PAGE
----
How three individuals, linked by their Mines experience, supported each other through the most terrifying ordeal of their lives
By Lisa Marshall
The first rounds hit the bus with a deafening bang, prompting Nick Frazier ’03 to assume with annoyance that a tire had blown and his errands in the nearby town of In Amenas, Algeria, would be delayed. Glancing out of the window, he saw a blur of red streaks piercing the dark desert sky. When the glass around him started shattering, the reality of his situation broke through: The bus was under attack.
With the 11 other passengers already scrambling to lie flat in the aisles, he squeezed into a tight stairwell and began tapping out a carefully worded text message to his wife back home: “Call U.S. embassy. Bus under attack.” He would spend the next 3 hours crouched there, still and silent, as Al Qaeda militants showered the vehicle in gunfire and launched at least one rocket-propelled grenade.
“I didn’t want to give in or let go of hope,” recalls 33-year-old Frazier.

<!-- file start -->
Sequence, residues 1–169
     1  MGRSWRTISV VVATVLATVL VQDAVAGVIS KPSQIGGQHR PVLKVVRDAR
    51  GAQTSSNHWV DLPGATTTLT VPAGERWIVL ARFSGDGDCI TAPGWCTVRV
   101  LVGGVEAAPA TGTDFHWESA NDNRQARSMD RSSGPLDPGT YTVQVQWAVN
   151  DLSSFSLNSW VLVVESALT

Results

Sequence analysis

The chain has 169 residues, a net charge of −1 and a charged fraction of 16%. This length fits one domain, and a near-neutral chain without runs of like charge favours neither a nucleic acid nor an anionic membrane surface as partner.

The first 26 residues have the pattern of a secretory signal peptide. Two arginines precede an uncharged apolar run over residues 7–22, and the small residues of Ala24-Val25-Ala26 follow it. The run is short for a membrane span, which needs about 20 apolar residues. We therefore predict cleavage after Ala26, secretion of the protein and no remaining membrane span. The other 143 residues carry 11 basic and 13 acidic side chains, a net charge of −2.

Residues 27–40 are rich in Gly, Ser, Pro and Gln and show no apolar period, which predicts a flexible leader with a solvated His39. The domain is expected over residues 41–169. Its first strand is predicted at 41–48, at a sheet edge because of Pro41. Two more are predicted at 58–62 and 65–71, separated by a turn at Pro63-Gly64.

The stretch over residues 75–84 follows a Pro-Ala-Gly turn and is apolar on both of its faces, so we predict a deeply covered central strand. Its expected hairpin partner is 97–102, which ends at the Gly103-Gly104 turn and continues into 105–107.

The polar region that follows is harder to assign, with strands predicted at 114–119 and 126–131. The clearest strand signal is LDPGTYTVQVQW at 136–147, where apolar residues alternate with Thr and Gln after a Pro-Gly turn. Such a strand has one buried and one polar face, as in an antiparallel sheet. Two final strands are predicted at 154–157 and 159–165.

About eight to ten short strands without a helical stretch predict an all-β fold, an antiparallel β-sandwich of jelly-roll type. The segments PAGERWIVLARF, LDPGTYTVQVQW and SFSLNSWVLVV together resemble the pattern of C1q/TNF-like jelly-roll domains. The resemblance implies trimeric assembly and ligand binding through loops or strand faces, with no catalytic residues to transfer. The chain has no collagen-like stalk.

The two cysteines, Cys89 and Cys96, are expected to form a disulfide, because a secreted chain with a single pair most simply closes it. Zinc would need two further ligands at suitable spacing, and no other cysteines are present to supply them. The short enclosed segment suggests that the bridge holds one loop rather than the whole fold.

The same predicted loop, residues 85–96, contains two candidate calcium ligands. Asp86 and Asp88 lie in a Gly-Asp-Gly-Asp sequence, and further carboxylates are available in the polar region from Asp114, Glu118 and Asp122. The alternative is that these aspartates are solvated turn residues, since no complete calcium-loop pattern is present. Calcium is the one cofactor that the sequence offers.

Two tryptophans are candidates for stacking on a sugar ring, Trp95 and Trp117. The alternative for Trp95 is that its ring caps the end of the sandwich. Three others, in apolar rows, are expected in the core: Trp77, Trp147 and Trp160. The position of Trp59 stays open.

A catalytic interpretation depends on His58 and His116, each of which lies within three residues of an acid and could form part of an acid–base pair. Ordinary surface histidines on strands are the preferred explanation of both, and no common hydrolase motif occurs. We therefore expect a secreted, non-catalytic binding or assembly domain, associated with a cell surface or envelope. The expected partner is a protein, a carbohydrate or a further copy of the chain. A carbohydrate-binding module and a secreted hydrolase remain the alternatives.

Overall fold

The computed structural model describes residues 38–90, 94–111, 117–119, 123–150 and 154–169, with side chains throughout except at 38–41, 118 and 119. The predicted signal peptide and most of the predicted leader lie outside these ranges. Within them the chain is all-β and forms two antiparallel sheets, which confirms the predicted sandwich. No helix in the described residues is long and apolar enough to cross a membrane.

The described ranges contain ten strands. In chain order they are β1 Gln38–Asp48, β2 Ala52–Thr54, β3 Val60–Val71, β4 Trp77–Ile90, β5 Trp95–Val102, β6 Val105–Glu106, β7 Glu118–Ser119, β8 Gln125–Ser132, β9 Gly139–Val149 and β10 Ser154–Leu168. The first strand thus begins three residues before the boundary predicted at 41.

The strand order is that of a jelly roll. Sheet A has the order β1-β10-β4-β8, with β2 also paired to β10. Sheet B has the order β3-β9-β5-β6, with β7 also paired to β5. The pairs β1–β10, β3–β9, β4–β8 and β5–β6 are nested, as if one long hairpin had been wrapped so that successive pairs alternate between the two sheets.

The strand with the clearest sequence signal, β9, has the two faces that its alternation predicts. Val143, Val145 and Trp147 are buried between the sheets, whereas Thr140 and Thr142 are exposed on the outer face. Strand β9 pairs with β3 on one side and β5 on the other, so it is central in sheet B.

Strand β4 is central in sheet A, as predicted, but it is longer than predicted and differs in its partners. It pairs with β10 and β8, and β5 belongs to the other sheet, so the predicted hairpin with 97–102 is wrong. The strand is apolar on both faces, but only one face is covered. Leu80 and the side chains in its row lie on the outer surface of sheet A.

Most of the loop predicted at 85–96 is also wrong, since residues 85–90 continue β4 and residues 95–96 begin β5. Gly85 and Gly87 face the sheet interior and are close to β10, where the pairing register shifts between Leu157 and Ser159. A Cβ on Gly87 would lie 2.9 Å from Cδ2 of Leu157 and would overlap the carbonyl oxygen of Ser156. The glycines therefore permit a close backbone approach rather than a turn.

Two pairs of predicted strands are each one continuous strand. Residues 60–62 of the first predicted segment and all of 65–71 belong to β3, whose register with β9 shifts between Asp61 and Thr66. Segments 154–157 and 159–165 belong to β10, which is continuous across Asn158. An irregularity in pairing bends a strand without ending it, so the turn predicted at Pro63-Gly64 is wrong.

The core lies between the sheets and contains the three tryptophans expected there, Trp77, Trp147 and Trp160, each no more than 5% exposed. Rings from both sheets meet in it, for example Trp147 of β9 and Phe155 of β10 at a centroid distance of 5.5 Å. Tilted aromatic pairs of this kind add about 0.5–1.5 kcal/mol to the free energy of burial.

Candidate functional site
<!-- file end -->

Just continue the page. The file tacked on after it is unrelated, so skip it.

The pre-dawn bus attack at the In Amenas gas facility on January 16, 2013, was just the beginning of a bloody four-day kidnapping siege that would leave 37 foreign workers—including three Americans—dead, and shine a glaring light on security issues in politically volatile areas where many petroleum engineers work. Two Colorado School of Mines alumni—Frazier and Steve Wysocki ’85—and one former Mines exchange student, Christoph Zinner, survived by working together, sharing information and planning their escape. Tragically, they would lose several close friends, including their boss, Gordon Rowan.
Read the rest of this story on the Mines magazine website.
This story appeared in the Summer 2013 issue.